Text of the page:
Sugar warning on yoghurt products

Agnes Lam

Parents have been urged to pay attention to the content of probiotic-rich dairy products they buy for their children because they may have high levels of sugar.

The appeal was made by the Consumer Council, after a study found all the eight samples examined contained too much sugar.

The consumer watchdog also warned diabetics to seek advice from medical experts before taking such products.

The Consumer Council commissioned International Consumer Research and Testing to examine four yoghurts, three yoghurt drinks and one lactobacillus drink. Results showed all samples contained sugar, ranging from 10.5 grams to 14.8 grams per 100 grams of food.

Guidelines issued by Britain's Food Standards Agency state that any food product with 10 grams or more of sugar per 100 grams contains 'a lot' of sugar.

Yakult Live Lactobacillus Drink tops the list, with the highest sugar content. The tested samples include other popular brands such as yoghurt products from Nestle Dairy Farm and Danone. The council's deputy chief executive, Connie Lau Yin-hing, said sugar was often added to improve taste and neutralise the acidic or sour taste of some strains of probiotics.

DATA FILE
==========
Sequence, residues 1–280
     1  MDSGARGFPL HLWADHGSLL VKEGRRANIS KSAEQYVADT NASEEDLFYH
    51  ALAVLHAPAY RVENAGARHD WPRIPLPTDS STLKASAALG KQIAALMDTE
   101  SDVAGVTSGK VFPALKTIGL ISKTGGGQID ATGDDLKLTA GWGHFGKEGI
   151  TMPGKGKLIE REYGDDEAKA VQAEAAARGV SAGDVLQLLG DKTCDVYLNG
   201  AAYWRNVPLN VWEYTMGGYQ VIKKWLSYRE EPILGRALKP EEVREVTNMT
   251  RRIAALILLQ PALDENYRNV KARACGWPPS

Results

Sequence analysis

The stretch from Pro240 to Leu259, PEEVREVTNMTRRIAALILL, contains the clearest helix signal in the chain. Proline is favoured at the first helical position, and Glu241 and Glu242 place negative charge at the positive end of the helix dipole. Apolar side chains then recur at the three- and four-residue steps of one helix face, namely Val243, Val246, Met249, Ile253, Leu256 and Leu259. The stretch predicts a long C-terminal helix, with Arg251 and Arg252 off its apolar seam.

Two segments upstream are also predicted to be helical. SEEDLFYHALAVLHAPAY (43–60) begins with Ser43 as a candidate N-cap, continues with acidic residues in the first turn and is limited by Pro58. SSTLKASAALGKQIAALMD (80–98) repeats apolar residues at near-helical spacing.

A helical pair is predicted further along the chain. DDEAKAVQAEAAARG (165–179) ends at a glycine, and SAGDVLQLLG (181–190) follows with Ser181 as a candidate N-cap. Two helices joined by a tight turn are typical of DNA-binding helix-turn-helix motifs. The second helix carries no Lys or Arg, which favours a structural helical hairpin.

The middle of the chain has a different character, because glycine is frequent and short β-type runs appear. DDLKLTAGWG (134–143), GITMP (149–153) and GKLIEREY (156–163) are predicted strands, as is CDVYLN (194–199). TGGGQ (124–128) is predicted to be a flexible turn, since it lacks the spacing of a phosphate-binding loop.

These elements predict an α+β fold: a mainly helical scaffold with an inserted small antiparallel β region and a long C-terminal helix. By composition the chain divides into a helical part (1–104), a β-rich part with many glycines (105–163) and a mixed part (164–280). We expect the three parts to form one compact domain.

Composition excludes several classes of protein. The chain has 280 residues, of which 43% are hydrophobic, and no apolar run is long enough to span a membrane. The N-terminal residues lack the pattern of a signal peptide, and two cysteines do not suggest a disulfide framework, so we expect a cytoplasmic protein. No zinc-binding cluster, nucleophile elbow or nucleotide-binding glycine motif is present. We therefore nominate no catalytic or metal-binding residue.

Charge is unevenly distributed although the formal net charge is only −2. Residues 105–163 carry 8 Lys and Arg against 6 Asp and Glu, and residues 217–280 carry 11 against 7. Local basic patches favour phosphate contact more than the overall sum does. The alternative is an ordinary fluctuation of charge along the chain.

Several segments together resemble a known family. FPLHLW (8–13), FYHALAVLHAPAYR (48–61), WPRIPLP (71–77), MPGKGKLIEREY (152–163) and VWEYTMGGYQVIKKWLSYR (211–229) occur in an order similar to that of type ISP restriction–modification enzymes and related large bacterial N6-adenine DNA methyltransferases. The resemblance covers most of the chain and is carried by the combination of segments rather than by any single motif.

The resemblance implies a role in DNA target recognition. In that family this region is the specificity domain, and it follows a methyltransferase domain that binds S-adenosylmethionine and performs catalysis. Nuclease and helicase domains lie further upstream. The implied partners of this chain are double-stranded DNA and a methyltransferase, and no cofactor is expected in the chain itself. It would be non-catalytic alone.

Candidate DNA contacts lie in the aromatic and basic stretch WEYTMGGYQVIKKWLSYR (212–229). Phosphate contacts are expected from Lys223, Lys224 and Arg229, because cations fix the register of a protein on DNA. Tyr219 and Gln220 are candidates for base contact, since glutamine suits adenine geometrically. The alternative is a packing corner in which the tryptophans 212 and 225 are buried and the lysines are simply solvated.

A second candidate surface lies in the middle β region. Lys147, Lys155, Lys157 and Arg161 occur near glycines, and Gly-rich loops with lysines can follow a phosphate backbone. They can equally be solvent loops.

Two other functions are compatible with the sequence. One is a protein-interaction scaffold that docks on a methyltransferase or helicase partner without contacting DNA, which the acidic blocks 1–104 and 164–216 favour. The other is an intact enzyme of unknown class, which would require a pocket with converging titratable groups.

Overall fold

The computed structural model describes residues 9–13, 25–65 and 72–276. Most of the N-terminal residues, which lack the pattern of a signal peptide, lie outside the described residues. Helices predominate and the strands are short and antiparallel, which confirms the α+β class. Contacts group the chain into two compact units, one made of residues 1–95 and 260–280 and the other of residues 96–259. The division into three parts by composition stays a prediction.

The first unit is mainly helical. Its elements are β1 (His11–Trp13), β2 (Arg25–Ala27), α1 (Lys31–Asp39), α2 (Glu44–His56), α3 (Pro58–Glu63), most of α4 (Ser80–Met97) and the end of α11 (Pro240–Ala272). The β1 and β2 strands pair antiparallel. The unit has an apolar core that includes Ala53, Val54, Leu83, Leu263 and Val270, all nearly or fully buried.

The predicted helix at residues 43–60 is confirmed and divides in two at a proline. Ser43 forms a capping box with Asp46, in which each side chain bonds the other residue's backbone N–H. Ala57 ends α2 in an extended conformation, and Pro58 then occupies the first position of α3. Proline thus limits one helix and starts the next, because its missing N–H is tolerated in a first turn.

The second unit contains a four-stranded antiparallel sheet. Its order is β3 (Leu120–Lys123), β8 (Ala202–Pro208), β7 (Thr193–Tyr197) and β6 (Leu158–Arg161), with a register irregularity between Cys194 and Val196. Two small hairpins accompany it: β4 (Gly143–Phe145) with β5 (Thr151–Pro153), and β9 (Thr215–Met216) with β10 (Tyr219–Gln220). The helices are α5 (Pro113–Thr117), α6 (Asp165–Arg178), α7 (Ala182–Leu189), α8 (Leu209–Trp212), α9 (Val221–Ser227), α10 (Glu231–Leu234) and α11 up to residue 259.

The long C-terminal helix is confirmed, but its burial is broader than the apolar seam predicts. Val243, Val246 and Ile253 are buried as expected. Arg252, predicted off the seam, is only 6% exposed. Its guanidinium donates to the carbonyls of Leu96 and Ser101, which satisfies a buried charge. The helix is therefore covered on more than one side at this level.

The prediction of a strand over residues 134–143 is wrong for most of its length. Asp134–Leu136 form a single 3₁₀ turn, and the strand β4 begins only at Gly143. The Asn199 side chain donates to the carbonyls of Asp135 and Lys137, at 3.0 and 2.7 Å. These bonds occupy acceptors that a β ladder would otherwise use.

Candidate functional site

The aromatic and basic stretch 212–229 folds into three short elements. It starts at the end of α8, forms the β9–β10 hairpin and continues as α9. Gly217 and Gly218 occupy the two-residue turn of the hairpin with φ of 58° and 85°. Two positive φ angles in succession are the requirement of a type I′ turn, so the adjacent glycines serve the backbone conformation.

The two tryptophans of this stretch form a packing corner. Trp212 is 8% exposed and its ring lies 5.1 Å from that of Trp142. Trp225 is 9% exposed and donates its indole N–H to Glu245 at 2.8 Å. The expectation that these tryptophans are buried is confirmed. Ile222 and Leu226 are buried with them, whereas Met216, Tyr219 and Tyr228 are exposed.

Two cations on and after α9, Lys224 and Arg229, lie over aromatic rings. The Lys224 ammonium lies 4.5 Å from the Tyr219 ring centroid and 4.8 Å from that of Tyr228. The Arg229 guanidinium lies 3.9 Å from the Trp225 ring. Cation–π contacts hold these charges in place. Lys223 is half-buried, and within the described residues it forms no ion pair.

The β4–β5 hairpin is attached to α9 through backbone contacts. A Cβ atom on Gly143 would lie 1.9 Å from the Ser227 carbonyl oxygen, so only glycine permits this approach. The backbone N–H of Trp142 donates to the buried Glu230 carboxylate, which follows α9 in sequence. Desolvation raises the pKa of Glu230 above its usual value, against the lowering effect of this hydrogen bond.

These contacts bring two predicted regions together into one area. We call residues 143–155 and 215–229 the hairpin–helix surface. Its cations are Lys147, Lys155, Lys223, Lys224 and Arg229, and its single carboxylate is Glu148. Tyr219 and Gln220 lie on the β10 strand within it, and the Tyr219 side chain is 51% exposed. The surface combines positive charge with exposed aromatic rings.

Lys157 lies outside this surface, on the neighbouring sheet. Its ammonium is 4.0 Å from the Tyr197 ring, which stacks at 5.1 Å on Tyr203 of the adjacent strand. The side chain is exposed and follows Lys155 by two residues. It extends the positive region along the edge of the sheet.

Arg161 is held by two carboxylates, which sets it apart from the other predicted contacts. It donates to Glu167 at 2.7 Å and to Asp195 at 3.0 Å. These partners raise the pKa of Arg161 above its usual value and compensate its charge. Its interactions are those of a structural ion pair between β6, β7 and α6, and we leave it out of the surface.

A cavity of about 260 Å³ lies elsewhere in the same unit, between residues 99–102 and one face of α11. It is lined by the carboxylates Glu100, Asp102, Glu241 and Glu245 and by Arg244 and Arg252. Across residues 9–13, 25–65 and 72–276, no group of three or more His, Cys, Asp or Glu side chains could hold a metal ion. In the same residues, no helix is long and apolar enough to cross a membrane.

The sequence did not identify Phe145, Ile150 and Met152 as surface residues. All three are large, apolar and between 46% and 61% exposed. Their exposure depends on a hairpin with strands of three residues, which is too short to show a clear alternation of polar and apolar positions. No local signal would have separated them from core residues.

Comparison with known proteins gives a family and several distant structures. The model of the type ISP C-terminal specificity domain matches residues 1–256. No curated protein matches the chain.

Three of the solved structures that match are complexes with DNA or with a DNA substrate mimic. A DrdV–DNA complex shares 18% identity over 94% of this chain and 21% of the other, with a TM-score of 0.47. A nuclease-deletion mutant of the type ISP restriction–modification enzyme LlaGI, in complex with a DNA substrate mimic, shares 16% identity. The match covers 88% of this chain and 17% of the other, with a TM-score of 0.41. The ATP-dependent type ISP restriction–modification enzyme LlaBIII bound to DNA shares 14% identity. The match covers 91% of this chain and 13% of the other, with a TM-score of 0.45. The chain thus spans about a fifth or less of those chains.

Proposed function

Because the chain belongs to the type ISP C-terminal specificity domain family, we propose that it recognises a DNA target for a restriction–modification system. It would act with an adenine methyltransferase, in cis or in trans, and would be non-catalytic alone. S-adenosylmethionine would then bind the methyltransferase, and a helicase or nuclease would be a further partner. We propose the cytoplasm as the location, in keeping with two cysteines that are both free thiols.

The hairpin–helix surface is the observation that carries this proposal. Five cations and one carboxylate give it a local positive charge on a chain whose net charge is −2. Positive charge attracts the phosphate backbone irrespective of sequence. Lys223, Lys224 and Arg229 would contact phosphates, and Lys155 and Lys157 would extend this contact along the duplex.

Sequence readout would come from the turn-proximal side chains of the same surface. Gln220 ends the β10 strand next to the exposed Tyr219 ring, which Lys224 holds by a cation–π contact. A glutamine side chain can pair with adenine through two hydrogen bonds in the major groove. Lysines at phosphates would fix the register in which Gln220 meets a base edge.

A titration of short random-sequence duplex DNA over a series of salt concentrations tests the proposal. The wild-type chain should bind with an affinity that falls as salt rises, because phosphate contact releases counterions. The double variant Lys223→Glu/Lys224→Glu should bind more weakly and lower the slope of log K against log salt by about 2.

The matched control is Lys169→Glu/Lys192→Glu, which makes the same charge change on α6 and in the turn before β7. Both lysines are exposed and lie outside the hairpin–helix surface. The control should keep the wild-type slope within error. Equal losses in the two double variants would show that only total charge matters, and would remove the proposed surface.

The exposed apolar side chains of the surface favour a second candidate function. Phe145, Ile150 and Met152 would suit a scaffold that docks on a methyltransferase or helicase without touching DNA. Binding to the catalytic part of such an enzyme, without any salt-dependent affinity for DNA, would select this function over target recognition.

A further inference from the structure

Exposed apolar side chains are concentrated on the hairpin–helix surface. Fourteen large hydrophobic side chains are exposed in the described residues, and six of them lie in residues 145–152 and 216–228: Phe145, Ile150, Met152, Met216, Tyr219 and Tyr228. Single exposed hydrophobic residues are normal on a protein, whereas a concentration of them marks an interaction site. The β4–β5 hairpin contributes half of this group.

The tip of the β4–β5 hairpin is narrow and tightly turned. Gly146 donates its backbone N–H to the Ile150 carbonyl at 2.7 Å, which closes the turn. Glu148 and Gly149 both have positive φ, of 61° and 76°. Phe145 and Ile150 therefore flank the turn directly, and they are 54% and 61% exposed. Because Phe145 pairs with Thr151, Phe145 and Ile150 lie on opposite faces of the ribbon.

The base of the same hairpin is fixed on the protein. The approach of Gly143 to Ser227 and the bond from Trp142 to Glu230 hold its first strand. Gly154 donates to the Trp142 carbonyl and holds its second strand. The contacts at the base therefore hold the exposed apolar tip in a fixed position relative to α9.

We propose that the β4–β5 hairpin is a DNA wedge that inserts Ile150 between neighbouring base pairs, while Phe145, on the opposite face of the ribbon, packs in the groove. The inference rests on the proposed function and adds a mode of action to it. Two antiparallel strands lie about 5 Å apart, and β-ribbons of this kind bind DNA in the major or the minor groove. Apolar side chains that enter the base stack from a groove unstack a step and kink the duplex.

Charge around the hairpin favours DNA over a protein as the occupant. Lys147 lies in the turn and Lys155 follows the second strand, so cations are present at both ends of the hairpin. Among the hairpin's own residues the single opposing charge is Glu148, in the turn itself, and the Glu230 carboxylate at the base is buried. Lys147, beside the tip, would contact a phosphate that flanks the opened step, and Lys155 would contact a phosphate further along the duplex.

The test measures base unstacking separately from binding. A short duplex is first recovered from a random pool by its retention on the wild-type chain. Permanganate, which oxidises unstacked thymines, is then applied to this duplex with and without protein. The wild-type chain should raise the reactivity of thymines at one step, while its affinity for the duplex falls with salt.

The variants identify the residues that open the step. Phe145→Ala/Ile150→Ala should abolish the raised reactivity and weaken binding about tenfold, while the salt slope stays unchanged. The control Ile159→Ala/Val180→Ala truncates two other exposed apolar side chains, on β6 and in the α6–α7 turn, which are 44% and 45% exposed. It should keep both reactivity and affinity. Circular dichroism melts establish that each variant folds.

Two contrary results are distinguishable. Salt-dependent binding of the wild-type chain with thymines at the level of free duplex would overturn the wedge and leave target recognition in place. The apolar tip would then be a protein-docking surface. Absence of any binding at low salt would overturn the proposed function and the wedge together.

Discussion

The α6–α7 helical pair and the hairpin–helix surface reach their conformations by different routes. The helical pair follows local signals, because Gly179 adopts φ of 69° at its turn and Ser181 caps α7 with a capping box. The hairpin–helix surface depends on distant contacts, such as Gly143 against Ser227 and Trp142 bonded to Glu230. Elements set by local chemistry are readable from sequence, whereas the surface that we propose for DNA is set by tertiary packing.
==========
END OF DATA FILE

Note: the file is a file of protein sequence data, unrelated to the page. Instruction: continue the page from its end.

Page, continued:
She reminded parents to be aware of the sugar content when buying such products for their children. 'There is a general belief that probiotic-rich dairy products are beneficial to our health. Parents might think it is good for children to take such products. But they have to be aware that consuming food that is too sweet can lead to tooth decay,' she said.

Dietitians have suggested that fermented diary products with probiotics support gastrointestinal health.

The council suggested that the government speed up the introduction of a new food labelling law which requires manufactures to specify the concentration or quantity of probiotics and sugar.

'Most labels only tell consumers a product contains sugar or probiotics, but consumers have no clue as to the quantity. They can only make their choices based on brand names,' said Larry Kwok Lam-kwong, the council's chairman of publicity and community relations committee.

Under existing law it is not mandatory for yoghurt, yoghurt drinks and lactobacillus drinks to carry labels indicating probiotic species, concentration of each probiotic and sugar content.

Nestle Hong Kong, in a press release issued yesterday, said: 'We respect and follow the Hong Kong regulation requirements on labelling. Should there be any changes in future, we would adapt accordingly.'